16 November 2012

Look at Lit: Debt is Slavery

So now that I finally got this book back from one of my coworkers, I can bring another edition of Look at Literature to you. Ever since he saw me reading ERE, every single financial book I've read has been passed on to him afterwards. But enough of that, on to the book. Debt is Slavery: and 9 Other Things I Wish My Dad Had Taught Me About Money is a nice piece (but definitely a mouthful to say) written by a one Michael Mihalik. He has a story that many of you may be familiar or at least envious of: go to college, get a good job, live the "good" life. Presently, he realized that all that glitters is actually credit, not gold, and that the credit was sucking him dry. So he paid off his debts and lived happily ever after. The end.

After that change in his life, he felt like many people who have just received a ray of light or wisdom do, so he wrote the book. At right around 100 pages, you might think that it barely gets going before it switches topics. However, I did not find that to be the case. All the chapters felt to be about the perfect length--just long enough to get the information out, but short enough to not really bore you. His writing style is somewhat similar to Top 10 Distinctions, with a to-the-point feel that doesn't use a lot of words. But also like Top 10 Distinctions, he is able to pack a powerful message into a short volume.

Truer words have rarely been spoken.
The central theme (and title) of the book is that debt is slavery. As mentioned above, he goes into more detail about his life before and after his realizations about debt and money. Since his dad died early in his life than most people would like, he feels that he missed out on several lessons, particularly concerning money. However, based on the current society and how he described his dad, I don't feel like he missed much at all. Still, we're glad he finally got on the right path because that also put him on the write path (he has written more than just this book). This is realized as he continues further with the 9 other things that he was not taught.

While he does include some of the usual fare that I've come to expect from a financial book, his style is a bit more aggressive, with suggestions that run on par with some of the more hardcore frugality advocates. He goes far beyond just suggesting cut out the daily coffee run to touch on things such as actually selling your possessions to pay off any loans. Many of the books I've read all get around to mentioning selling things somewhere, but most usually focus on low-value items. A yard sale might not be the best venue for the type of selling he's suggesting here.

He also goes beyond the normal narrative in his description of the current consumer-based economy and the inherent problem with it. One of his chapters is about how companies use all sorts of methods to get your money right out your pockets. Even the most aware of us can't avoid all advertising. Practically everything in modern society is an advertisement. From the three parallel wedges on Adidas products to the Zillow house with a 'z', we're reminded of corporate influence and power everywhere. Most of us can recognize various products by sight, smell, sound, or feel without a problem, showing the success of various corporate agendas. The solution is to buy less stuff, but awareness of the marketing campaign is critical in that regard. This is definitely an example of what you not knowing hurting you.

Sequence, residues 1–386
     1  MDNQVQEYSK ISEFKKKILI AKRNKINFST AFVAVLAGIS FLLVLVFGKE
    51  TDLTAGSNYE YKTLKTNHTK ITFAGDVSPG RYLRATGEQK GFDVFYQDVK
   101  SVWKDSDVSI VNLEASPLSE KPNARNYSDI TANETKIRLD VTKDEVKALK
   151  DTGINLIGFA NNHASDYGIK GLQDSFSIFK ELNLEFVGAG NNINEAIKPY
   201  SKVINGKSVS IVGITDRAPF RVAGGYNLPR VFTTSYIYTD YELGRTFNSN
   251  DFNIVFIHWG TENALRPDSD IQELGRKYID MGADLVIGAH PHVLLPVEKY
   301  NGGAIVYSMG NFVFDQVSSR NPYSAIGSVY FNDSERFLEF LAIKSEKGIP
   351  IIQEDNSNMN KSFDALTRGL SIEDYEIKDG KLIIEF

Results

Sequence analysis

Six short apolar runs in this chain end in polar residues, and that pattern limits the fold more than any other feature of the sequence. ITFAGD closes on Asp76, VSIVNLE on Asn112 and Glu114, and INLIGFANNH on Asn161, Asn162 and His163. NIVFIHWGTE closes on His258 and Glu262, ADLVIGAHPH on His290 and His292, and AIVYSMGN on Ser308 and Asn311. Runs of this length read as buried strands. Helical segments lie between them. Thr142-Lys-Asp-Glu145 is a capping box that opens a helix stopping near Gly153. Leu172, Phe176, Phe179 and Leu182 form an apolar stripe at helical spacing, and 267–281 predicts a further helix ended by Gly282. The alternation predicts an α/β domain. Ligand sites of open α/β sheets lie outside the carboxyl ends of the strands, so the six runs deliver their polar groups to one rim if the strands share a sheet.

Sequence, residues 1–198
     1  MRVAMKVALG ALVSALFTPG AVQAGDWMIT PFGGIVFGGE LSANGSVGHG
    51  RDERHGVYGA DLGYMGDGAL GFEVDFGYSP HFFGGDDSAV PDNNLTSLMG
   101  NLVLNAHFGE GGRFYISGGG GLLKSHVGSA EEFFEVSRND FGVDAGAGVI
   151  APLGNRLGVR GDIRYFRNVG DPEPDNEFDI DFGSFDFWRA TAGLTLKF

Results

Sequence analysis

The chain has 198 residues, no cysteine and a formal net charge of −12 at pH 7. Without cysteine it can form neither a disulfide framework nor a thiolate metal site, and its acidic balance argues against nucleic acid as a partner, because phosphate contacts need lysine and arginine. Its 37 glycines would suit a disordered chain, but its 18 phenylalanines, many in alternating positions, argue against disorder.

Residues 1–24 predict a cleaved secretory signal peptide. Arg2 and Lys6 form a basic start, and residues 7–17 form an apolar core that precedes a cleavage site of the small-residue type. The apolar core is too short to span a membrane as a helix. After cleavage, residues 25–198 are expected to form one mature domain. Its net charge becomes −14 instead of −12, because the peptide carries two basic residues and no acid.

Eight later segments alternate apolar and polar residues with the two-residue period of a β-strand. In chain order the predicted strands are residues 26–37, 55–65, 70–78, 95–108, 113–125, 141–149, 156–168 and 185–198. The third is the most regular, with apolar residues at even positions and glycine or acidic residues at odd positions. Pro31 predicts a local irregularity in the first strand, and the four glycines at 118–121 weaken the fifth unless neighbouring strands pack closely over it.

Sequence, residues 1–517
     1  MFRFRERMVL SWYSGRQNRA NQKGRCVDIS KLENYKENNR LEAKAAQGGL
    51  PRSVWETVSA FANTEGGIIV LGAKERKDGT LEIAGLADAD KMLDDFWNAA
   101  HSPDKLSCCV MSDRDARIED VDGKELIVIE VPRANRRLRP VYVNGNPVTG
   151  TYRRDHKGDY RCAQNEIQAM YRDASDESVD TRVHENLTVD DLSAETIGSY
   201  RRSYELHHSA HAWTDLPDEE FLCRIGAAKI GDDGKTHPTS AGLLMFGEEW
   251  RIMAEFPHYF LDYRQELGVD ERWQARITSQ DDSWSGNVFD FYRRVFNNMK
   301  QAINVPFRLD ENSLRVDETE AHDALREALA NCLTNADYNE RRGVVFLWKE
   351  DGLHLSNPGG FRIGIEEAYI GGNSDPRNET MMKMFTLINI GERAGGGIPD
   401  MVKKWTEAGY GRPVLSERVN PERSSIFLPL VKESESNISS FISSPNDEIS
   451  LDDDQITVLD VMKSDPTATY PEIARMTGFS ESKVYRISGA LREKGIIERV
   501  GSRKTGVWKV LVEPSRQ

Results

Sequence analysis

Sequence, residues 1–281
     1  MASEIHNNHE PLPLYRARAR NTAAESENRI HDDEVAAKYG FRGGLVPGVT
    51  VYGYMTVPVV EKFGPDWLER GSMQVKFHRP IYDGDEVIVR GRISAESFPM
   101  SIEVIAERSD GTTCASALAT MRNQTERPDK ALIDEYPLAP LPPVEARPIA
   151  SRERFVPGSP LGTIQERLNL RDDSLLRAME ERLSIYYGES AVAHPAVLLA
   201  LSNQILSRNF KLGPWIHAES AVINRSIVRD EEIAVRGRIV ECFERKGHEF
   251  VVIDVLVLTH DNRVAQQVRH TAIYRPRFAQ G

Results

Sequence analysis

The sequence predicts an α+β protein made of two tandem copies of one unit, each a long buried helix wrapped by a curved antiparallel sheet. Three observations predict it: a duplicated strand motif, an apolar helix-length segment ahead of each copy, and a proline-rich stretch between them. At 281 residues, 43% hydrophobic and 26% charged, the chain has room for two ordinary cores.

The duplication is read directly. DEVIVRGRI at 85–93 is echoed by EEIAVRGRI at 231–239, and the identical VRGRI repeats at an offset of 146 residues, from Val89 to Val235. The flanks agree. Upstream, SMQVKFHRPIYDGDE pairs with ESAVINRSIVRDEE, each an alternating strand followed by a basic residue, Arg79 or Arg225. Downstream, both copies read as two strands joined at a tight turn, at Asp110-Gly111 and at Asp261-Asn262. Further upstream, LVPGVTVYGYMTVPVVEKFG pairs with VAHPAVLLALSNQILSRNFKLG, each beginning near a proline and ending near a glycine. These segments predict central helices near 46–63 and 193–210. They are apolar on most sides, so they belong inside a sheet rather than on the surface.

The other topic he brings up that I found immensely telling is to save 50% of your salary. In addition to whatever you put in your retirement account, which he recommends maxing out if possible. Most other books mention saving maybe half that amount, and that's including retirement monies. As a full 50% is probably not attainable for a good number of people immediately, he does make the recommendation to step it down appropriately until you're able to get it up to at least a full 50%. He also hits early on with the relationship between saving and financial freedom. Money saved up can be used when off from work for however long it lasts. In his own example, he detailed how he found himself unemployed for a time but not having to immediately scurry to find a new job right away. He lived off his savings and passive income until he finally got a job again. Anyone can do that if they've taken the time to save the money first.

The rest of the book includes the usual financial advice fare that I mentioned earlier. He has a chapter or two on debt reduction strategies and the same for passive income strategies. His debt reductions strategies include some worksheets to help you get your debt managed and paid down. Anyone needing to use them would do well to just photocopy them or create their own in a spreadsheet program. This has the added benefit being able to be customized as well as to track trends over time. That is helpful and dare I say essential for those who may feel as if their debt will never be gone, thereby giving up midway.

Overall, I have a favorable opinion of the book and would recommend it to any and everyone who has any sort of debt at all. While his style may be abrupt and more research may be required for some of the subjects for passive income, he presents a good blueprint and compelling argument for anyone in debt to extricate themselves from it. As usual, I'd recommend you trot by your local lending library first to see if they have a copy. Going out on a limb, though, I'm going to guess that they don't have it in stock. You will then be forced into a used copy from Amazon, but that does save you a few dollars. Unless you happen to be one of my coworkers/friends, then I'll lend you my copy. But whatever you have to (legally) do to get it, make it quick because the sooner you can read this book, the better.

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